With the help of our friends at PSK, CPA, an accounting firm that specializes in churches, we’re talking about church budgets this month.
Most projects can benefit by starting with definitions, to make sure everyone is on the same page.
According to Verne Hargrave, one of the PSK partners, if you were to look for a definition of a budget, you might come across something like these:
An accounting device used to plan and control resources of operational departments and divisions. (Warren, Survey of Accounting)
A plan of financial operation consisting of an estimate of proposed expenditures for a given period and the proposed means of financing them. (Beams, Brozovsky & Shoulders, Advanced Accounting)
One of the most effective internal controls… (ECFA, Accounting & Financial Reporting for Christian Ministries)
If you look at the bolded words in these definitions, you would notice a theme of CONTROLS & CONSTRAINT. Typically, that’s how many people think about personal budgets in general…they’re there to cramp our style. Come to think of it, that’s how some view the Word of God.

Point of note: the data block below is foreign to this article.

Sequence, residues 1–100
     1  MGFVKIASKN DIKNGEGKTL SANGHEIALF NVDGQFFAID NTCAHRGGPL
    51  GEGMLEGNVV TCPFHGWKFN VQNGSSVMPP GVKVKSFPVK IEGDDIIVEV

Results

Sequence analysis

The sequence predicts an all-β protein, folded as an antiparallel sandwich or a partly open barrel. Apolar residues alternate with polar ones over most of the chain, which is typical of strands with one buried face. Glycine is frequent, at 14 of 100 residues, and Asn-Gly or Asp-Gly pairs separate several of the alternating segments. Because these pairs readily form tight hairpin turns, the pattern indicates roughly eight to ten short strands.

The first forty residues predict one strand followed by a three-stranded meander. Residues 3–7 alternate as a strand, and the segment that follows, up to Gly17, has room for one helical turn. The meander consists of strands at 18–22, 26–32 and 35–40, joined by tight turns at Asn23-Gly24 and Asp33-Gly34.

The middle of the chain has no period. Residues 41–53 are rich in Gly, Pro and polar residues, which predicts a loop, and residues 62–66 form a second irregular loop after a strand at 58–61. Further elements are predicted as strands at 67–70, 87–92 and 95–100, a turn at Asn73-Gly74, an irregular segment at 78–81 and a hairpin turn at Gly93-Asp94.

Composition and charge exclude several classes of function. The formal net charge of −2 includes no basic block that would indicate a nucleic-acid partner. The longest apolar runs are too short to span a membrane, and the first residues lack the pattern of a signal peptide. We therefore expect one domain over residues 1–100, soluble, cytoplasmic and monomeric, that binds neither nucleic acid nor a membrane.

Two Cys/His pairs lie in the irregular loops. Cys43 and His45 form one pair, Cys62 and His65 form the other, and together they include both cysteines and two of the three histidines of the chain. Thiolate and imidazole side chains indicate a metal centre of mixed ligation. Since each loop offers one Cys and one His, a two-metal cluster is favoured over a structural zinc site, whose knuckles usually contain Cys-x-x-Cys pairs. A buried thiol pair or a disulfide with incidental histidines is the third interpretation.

Viewing the Word as a love-letter from God and not as a fun-busting rule book produces different results. In the same way, a similar shift in thinking on church budgets can completely change the outcome of our financial plans and execution of those plans.
So, let’s look at some new definitions. Do you see the words that can help us make this shift?
- A strategic budget guides the church in allotting and spending its money in congruence with its deep, defining core values to accomplish a specific, biblical mission and a clear, compelling vision. It focuses on where God is taking the Church.” (Malphurs & Stroope; Money Matters in Church)
- “A church budget is simply the vision of the church for the next twelve months expressed in dollars, rather than words.” (Verne Hargrove, PSK)
Did you spot them? Perhaps you saw core values, mission, vision and focus. A budget concerned only with controlling things and not including the vision and mission of the church is not adequate. A church budget that focuses on where a church is going will have a completely different outcome.
Perhaps, a good starting point for your 2016 budget is to ask all stakeholders to define a church budget, because, whether stated or not, whether conscious or not, those definitions will affect the direction your budget takes your church.
And that may not match where God wants to take it.